sum holds a different value. The source of this non-determinism is a data race– concurrent reads/writes to the same mutable variable.
In the above example, it’s possible for two threads to read the same value in
sum, to spend some time doing some operation on that value of
sum, and then to attempt to write a new value to
sum, potentially resulting in an overwrite (and thus, loss) of a valuable result, as illustrated below:
ThreadA: read value in sum, sum = 0 value in sum: 0 ThreadB: read value in sum, sum = 0 value in sum: 0 ThreadA: increment sum by 760, write sum = 760 value in sum: 760 ThreadB: increment sum by 12, write sum = 12 value in sum: 12
The above example illustrates a scenario where two threads read the same value,
0, before one or the other can sum
0 with an element from their partition of the parallel collection. In this case,
0 and sums it with its element,
0+760, and in the case of
0 with its element,
0+12. After computing their respective sums, they each write their computed value in
ThreadB, it writes first, only for the value in
sum to be overwritten shortly after by
ThreadB, in effect completely overwriting (and thus losing) the value
Given this “out-of-order” semantics, also must be careful to perform only associative operations in order to avoid non-determinism. That is, given a parallel collection,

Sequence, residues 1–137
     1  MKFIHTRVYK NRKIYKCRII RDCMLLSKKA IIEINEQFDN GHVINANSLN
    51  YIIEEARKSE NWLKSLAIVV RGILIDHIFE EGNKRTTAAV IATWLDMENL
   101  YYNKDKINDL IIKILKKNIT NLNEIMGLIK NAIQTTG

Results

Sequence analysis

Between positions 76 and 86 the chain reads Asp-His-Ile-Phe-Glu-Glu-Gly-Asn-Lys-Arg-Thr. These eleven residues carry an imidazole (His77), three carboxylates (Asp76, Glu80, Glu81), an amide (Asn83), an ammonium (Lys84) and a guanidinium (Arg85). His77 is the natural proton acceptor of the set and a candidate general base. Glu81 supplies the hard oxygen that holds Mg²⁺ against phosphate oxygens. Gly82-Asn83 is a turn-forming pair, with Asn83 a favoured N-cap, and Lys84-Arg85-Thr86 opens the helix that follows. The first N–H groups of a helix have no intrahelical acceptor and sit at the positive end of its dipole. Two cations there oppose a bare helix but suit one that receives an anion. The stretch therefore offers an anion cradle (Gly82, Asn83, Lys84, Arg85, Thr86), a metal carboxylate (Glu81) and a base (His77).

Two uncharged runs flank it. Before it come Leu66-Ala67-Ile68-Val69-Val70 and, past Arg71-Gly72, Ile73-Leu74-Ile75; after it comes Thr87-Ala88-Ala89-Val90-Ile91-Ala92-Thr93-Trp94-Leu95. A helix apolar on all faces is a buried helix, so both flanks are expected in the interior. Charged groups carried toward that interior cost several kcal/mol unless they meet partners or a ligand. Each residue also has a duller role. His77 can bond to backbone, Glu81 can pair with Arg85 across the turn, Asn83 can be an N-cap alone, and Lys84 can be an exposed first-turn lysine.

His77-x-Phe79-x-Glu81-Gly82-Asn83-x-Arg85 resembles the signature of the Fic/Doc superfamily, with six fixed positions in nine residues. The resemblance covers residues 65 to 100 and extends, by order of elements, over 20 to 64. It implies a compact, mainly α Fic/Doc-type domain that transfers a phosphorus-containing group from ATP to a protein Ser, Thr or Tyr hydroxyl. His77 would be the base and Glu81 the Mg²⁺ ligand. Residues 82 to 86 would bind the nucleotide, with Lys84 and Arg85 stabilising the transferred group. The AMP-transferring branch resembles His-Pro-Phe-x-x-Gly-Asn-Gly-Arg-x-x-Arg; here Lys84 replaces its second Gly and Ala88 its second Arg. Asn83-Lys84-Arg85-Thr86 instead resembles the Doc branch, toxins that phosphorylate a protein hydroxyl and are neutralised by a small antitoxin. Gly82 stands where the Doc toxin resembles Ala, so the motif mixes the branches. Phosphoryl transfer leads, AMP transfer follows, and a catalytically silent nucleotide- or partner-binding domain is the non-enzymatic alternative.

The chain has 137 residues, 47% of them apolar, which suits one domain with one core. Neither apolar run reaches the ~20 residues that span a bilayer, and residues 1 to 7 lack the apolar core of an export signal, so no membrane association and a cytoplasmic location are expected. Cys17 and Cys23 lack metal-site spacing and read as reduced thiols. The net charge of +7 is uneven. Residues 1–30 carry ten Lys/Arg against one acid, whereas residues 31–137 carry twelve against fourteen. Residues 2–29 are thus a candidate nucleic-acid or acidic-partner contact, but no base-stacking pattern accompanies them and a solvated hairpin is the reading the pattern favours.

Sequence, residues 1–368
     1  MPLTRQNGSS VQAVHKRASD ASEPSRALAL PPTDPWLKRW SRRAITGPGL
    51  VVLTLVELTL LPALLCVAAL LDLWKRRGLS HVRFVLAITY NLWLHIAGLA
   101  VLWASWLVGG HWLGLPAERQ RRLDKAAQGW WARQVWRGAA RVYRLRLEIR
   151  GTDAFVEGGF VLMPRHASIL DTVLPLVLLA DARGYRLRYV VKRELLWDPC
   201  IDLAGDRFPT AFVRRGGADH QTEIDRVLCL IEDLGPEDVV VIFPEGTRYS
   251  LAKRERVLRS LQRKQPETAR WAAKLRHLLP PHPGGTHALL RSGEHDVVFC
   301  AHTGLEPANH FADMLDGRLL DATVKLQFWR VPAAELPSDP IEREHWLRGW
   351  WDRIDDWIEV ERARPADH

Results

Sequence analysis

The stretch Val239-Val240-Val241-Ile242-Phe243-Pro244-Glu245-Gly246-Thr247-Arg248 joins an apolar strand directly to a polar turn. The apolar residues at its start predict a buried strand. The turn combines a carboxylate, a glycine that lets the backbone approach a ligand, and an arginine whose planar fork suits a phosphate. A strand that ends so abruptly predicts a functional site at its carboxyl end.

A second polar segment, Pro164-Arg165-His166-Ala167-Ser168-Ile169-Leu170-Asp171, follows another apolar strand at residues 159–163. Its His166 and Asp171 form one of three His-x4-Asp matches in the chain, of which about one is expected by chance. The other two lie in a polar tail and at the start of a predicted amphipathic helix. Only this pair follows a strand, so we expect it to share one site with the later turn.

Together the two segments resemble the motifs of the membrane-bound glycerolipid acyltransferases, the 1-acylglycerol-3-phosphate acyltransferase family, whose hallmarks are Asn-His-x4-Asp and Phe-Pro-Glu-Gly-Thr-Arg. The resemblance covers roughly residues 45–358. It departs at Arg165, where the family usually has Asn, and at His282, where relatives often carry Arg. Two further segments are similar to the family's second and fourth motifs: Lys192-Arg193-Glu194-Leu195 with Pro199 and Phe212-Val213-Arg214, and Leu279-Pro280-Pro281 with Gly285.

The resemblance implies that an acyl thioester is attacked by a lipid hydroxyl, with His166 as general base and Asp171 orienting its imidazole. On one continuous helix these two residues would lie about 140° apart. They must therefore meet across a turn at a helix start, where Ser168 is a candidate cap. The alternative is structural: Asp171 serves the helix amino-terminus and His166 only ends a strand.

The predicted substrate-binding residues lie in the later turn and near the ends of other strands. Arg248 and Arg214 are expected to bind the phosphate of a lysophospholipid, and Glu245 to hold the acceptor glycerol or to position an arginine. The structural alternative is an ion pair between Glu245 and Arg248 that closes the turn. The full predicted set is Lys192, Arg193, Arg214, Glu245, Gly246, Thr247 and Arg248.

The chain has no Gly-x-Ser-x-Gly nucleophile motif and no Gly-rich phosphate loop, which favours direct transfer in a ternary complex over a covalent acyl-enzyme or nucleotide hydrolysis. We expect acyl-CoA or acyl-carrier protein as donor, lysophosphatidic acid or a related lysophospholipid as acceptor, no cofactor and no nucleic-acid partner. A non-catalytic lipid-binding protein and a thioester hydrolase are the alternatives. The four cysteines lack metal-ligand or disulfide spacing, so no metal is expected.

pcoll, one should be sure that when invoking a higher-order function on
pcoll, such as
pcoll.reduce(func), the order in which
func is applied to the elements of
pcoll can be arbitrary. A simple, but obvious example is a non-associative operation such as subtraction:
scala> val list = (1 to 1000).toList.par list: scala.collection.parallel.immutable.ParSeq[Int] = ParVector(1, 2, 3,… scala> list.reduce(_-_) res01: Int = -228888 scala> list.reduce(_-_) res02: Int = -61000 scala> list.reduce(_-_) res03: Int = -331818
In the above example, we take a
reduce, and pass to it
_-_, which simply takes two unnamed elements, and subtracts the first from the second. Due to the fact that the parallel collections framework spawns threads which, in effect, independently perform
reduce(_-_) on different sections of the collection, the result of two runs of
reduce(_-_) on the same collection will not be the same.
Note: Often, it is thought that, like non-associative operations, non-commutative operations passed to a higher-order function on a parallel collection likewise result in non-deterministic behavior. This is not the case, a simple example is string concatenation– an associative, but non- commutative operation:
scala> val strings = List("abc","def","ghi","jk","lmnop","qrs","tuv","wx","yz").par strings: scala.collection.parallel.immutable.ParSeq[java.lang.String] = ParVector(abc, def, ghi, jk, lmnop, qrs, tuv, wx, yz) scala> val alphabet = strings.reduce(_++_) alphabet: java.lang.String = abcdefghijklmnopqrstuvwxyz
The “out of order” semantics of parallel collections only means that the operation will be executed out of order (in a temporal sense. That is, non-sequentially), it does not mean that the result will be re-”combined” out of order (in a spatial sense). On the contrary, results will generally always be reassembled in order– that is, a parallel collection broken into partitions A, B, C, in that order, will be reassembled once again in the order A, B, C. Not some other arbitrary order like B, C, A.
For more on how parallel collections split and combine operations on different parallel collection types, see the Architecture section of this guide.blog comments powered by Disqus